This commentary is by Paul Dame, chair of the Vermont GOP.
There are three things that I see fundamentally separate Vermont Republicans from the Progressive Democrat alliance that currently controls the Legislature: affordability, accountability and flexibility. Progressive Democrats have a lot of different priorities, even some that come into conflict with each other, but at the heart of every Republican I know are these three simple rules that government ought to live by.
Every bill that Republican legislators look at, one of the first questions they are asking themselves, and those who propose it is, “What does it cost?” or “Can we afford it?” Since many of our Republican legislators work in the private sector, or even own their own business, their daily life outside the “Golden Bubble” is often characterized by a frequent denial of things they would like — to ensure that they have everything they need. We have to make the best of the limited resources we have in our daily lives, and as Republicans we bring that through process to our work in the Legislature as well. The question is never truly whether or not the State’s Government can afford it — the question is always whether or not the taxpayers can afford it. The government doesn’t have its own money — it can only take from the taxpayers. At the end of the day, they are always the ones who pay, sometimes by paying higher taxes, and sometimes by paying higher costs for the policies the government has implemented. Affordability doesn’t always mean being cheap. Sometimes affordability means having some insurance — because a catastrophe is even more unaffordable than a modest premium to share the risk. In 10 years I don’t think I’ve ever seen a Democrat-sponsored piece of legislation come out of Montpelier that demonstrated they have shared this concern.
The second question that usually comes up is “Who will be responsible?” As I mentioned in an earlier Monday Message, we have had a pandemic of outsourcing legislative decision-making. I cannot stress how dangerous this is. I understand that Progressive Democrats in Montpelier want to advance policies that would not otherwise be popular, so they resort to creating untouchable boards who are insulted from democracy and who make policy that very few see or know of, and almost no one will change. While they intend to “protect” themselves from political or partisan influence, what they also do is shield themselves from accountability. Ironically enough, former Democratic Governor Howard Dean recently retweeted a video of Justice Souter talking about the fundamental breakdowns in society when problems are not addressed and people don’t know who is responsible. And yet it is his own party that continues to add new layers of government that make it harder and harder to find the person who is responsible. Both parties have done this in Washington as well, constantly delegating their power and decision making to unknown administrators. Republicans want to see decisions made by the people who elected them. So if they don’t work out, they know who is responsible and can demand more of them.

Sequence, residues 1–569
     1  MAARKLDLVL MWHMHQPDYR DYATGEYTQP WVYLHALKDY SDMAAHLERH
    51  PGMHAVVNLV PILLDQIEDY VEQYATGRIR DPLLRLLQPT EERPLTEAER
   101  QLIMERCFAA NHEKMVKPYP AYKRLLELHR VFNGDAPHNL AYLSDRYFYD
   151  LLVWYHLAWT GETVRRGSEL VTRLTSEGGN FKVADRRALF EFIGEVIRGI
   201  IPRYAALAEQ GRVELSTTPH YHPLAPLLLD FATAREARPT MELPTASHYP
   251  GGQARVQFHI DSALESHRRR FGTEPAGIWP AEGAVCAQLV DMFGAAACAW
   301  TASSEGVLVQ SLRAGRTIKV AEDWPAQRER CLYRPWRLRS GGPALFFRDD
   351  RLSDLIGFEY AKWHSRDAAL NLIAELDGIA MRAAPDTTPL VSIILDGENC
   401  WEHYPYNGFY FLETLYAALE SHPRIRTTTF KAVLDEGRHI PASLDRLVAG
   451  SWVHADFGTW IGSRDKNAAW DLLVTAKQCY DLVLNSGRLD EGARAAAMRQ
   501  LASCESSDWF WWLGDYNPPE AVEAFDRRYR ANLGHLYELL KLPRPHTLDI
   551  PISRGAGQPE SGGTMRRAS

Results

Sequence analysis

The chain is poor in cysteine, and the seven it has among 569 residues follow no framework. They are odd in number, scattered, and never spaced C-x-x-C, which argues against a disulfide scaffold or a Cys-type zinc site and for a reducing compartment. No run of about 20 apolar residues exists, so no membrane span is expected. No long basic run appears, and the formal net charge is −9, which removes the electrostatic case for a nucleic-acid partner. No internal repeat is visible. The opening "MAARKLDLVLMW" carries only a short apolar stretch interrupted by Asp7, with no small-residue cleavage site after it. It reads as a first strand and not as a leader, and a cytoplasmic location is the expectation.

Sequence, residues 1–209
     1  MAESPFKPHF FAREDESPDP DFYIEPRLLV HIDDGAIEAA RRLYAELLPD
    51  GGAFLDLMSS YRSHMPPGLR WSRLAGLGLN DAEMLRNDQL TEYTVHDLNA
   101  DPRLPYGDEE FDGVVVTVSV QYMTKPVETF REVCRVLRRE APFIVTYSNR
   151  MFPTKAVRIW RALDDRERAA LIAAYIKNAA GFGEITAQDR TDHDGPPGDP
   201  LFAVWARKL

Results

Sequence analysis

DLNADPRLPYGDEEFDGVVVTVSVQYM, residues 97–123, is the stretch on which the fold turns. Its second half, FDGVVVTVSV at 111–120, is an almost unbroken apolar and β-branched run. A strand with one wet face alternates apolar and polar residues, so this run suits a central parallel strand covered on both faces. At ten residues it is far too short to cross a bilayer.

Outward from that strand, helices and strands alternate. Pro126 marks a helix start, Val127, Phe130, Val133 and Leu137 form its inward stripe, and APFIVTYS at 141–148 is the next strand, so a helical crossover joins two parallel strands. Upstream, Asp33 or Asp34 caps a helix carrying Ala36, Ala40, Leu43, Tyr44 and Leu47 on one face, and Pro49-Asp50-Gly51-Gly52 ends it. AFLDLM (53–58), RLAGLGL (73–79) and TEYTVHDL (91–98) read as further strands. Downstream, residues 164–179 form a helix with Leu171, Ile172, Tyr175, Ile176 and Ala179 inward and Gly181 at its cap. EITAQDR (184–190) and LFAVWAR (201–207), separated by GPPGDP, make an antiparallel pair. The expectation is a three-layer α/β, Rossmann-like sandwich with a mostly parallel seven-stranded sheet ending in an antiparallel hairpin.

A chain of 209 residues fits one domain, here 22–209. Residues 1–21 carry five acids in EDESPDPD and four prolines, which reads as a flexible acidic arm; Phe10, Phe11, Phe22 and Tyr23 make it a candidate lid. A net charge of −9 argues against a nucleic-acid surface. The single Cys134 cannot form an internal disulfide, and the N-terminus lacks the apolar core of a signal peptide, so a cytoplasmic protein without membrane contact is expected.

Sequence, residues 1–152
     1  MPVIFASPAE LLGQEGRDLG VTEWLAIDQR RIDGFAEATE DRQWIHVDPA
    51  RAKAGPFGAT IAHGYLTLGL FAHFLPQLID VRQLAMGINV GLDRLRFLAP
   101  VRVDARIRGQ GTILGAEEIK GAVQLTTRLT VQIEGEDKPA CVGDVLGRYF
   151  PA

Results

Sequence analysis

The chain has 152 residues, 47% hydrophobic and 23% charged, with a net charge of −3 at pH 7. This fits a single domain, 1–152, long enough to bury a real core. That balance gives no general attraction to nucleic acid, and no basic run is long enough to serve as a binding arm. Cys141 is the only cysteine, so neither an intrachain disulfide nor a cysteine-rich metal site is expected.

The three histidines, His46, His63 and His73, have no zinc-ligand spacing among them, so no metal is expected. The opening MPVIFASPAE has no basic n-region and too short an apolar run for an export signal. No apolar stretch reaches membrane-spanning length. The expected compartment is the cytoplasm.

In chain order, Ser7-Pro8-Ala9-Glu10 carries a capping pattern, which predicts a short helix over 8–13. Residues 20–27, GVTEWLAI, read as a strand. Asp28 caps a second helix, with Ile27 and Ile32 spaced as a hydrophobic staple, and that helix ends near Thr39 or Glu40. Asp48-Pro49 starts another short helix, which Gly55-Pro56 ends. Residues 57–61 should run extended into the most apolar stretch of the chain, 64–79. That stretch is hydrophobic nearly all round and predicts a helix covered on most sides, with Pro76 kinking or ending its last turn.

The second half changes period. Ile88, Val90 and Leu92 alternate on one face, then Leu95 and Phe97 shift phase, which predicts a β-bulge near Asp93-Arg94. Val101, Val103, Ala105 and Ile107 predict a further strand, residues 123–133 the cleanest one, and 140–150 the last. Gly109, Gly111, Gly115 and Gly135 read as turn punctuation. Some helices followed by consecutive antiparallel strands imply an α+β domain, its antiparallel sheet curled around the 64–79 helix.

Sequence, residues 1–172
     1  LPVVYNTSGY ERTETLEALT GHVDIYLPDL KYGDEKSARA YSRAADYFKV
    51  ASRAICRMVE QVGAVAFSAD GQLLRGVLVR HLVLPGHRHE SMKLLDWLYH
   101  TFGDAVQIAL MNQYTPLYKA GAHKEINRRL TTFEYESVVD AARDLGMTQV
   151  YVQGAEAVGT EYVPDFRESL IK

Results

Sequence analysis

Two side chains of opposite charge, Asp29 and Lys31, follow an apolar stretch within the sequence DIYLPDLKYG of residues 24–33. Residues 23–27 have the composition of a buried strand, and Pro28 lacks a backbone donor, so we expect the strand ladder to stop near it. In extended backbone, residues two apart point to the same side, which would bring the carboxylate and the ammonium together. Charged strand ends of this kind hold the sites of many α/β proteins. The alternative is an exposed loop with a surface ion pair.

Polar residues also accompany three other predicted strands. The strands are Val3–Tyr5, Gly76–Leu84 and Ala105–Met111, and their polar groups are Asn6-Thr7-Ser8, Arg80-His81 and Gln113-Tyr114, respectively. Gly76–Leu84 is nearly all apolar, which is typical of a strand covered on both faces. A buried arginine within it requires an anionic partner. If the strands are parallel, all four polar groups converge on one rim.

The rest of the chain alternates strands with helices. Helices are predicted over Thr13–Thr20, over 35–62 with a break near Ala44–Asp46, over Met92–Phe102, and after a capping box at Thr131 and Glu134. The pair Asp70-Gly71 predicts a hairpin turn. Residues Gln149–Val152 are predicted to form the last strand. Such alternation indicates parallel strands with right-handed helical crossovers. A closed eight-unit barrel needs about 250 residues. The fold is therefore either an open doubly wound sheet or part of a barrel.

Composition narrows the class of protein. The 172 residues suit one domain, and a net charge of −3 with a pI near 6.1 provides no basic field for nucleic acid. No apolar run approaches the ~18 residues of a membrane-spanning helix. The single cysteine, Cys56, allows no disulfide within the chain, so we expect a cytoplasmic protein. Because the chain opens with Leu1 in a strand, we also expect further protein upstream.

The third question that Republicans usually ask is, “Will this work for everybody?” While Democrats claim to care about diversity, many of their policies are one-size-fits-all over-simplifications that seem to shoehorn the entire population into one way of thinking, one way of acting, one acceptable way of being. Republicans overwhelmingly want to give people the freedom and the flexibility to do what is right for them and their family. That means creating opportunities for Vermonters who don’t fit the mold (and seriously, how many Vermonters fit ANY mold?) Not every Vermonter wants to improve the environment by committing to live in an urban apartment and take public transportation while restricting their diet and mandating certain health care choices. Some just want to grow more trees, and drive a Dodge Ram down their road to clean up the neighborhood on Green Up Day. Vermonters all need something different in their family life, in their education, in their community involvement, in their job opportunities. While Democrats seems to intentionally pit one group against another (poor against the rich) Republicans want policies that everybody (not just Democrats) can agree on.
Republicans are all going to apply those principles a little differently, depending on where they are from and who they represent. But at our core we want our state’s government to better care for the people. We need it to become more affordable for the people, more accountable to the people, and more flexible with the people who are here, and may come to our great state in the years ahead.